Marineland to move last two walruses out of facility, settles suit with ex-trainer

The last two walruses at Marineland will be moving to another facility where they can join others of their species, the park said Wednesday.

The Niagara Falls, Ont., tourist attraction said moving the walruses – Smooshi and her baby, Koyuk – to a place where they can live with other walruses would be in the animals’ best interest.

The park also said it had reached an agreement with Phil Demers, a former trainer-turned-activist, to settle a nearly decade-long court battle.

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“The walruses are being rehoused as soon as reasonably possible,” Marineland said in a statement.

The park did not say where the walruses would be moved.

Demers said he was elated at the development, but said the long court process got to him.

“There’s ecstasy, but I’m still processing it,” he said. “This process traumatized me. I’ve got issues that I have to work on, but I look forward to my rebirth.”

In 2013, Marineland sued Demers, alleging he trespassed by storming the park with other activists in October 2012. They also claimed he was plotting to steal Smooshi.

Demers denied trespassing and plotting to steal the one-tonne walrus. He countersued for defamation and abuse of process.

Marineland has said it has been home to walruses since 2001. The animals came from Russia and the park has said some of the walruses were orphans and others were in poor health in that country.

Three walruses, Sonja, Zeus and Apollo, came to the park in 2001. Three more, Pandora, Buttercup and Buddy, arrived the next year.

Smooshi and Azul came to Marineland in 2004 from Russia.

All except Smooshi have died, with four walruses dying in the past five years. Smooshi gave birth to Koyuk on June 1, 2020.

Smooshi was 18 months old when she arrived at Marineland, the park has said.

In 2008, Demers gained national media attention for his unique relationship with Smooshi, who followed him around throughout the park after he purportedly imprinted on her when she was young and new to the park.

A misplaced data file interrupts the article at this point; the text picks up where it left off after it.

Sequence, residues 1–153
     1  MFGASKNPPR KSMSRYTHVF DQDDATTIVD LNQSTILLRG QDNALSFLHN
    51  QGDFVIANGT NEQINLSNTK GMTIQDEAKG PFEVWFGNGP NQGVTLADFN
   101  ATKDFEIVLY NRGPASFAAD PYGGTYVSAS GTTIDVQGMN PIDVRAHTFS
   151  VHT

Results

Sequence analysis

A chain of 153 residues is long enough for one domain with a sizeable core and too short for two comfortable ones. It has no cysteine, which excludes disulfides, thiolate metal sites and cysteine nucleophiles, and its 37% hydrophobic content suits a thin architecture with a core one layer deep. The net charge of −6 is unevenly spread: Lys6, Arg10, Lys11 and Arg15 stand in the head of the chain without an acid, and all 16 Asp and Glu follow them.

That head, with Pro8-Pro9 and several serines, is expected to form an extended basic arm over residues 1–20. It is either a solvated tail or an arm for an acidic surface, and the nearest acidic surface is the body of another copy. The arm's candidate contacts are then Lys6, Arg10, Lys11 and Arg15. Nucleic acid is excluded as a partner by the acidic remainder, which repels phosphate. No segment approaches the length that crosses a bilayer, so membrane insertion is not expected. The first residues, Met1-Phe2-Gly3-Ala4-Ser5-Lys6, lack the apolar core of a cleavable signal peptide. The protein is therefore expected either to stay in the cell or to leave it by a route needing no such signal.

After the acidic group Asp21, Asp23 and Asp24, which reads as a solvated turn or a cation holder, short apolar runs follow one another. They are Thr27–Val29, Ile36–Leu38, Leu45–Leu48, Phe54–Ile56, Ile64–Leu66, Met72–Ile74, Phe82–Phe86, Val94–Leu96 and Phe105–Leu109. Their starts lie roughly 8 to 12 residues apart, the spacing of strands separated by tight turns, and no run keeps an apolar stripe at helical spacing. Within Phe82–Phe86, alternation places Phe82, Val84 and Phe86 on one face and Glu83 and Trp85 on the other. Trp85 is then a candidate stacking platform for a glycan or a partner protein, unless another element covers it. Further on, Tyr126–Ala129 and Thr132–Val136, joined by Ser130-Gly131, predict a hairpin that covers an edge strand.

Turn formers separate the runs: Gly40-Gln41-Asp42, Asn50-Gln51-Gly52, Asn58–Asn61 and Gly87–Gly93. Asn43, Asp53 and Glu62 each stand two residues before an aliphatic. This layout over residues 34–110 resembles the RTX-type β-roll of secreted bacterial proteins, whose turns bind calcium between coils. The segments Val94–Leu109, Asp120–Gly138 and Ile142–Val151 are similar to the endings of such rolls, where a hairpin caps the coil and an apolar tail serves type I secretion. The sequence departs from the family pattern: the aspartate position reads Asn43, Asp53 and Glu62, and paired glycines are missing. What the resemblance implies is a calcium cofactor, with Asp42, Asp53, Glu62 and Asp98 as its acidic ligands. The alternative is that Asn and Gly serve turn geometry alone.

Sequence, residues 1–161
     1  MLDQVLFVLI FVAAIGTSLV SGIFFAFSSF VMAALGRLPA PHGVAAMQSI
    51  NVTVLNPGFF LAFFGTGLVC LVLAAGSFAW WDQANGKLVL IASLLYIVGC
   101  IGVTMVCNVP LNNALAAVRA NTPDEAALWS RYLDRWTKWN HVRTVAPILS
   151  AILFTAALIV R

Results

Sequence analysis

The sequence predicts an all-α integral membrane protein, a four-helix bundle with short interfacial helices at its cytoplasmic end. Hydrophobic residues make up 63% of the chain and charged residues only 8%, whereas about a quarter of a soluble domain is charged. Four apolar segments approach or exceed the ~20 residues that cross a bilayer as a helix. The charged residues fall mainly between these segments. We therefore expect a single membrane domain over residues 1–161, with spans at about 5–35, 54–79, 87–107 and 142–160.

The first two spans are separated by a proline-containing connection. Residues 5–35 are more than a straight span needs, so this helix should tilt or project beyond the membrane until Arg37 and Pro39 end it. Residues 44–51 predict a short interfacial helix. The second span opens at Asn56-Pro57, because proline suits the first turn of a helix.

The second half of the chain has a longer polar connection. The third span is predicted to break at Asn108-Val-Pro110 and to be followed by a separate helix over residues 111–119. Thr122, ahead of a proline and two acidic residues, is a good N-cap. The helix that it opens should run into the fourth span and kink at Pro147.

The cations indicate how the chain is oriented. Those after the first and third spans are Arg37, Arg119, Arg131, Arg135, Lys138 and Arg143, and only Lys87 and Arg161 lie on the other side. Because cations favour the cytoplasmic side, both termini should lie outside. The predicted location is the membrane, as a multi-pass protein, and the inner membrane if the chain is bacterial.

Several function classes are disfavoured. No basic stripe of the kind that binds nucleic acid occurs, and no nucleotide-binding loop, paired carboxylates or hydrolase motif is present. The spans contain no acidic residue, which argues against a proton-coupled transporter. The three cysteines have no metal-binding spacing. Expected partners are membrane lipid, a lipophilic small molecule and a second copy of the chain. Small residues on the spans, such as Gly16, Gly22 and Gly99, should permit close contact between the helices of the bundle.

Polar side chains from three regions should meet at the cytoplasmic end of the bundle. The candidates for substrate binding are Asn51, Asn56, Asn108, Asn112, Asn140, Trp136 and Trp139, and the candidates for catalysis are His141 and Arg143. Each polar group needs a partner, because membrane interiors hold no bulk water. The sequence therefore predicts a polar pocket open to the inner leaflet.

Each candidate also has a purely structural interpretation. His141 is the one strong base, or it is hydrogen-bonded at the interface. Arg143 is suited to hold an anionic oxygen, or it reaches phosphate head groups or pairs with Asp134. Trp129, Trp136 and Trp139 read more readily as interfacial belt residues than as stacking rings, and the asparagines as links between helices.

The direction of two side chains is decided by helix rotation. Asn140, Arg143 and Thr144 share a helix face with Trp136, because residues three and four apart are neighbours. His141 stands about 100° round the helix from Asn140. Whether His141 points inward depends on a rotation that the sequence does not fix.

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But by May 2012, Demers quit and spoke out about alleged animal abuse at the park. Marineland has long denied it mistreats any of its animals.

Marineland and Demers have been publicly feuding ever since.

Demers had long wanted Marineland to move Smooshi to a different park and had not seen the walrus in the flesh for more than 10 years, until Wednesday.

“I’m very pleased. I got to walk back into Marineland – granted, for the very last time, no red carpet – but that’s not something I never anticipated would happen,” he told The Canadian Press.

The pair reunited in a brief visit as part of the settlement, Demers said.

The two sides came to an agreement just weeks ahead of their scheduled trial. There will be no costs awarded to either, Marineland said.

“Mr. Demers acknowledges Marineland’s evolution towards education, conservation and research, and its commitment to enhanced animal care,” Marineland said.

The park said it has a “historic obligation to care for the marine mammals in its care.”

“Mr. Demers acknowledges that Marineland must care for its animals and there is no simple or obvious solution to re-house them,” the park said.

Marineland sold and moved five beluga whales in May 2021 to Mystic Aquarium in Connecticut.

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One whale, Havok, died within months of the move and a second, Havana, died in February.

The U.S. government launched an investigation to understand the circumstances surrounding their deaths.

Last December, police charged Marineland for allegedly using dolphins and whales for entertainment purposes, an accusation the tourist attraction denies.

Marineland faces one count of using a captive cetacean for performance for entertainment purposes without authorization. It’s the first test of the federal government’s anti-captivity legislation. That 2019 law made it an offence for dolphins and whales to perform.

Marineland has said it provides an “educational presentation,” designed to provide Canadians with opportunities to learn about marine life.

The case remains before the courts.

© 2022 The Canadian Press

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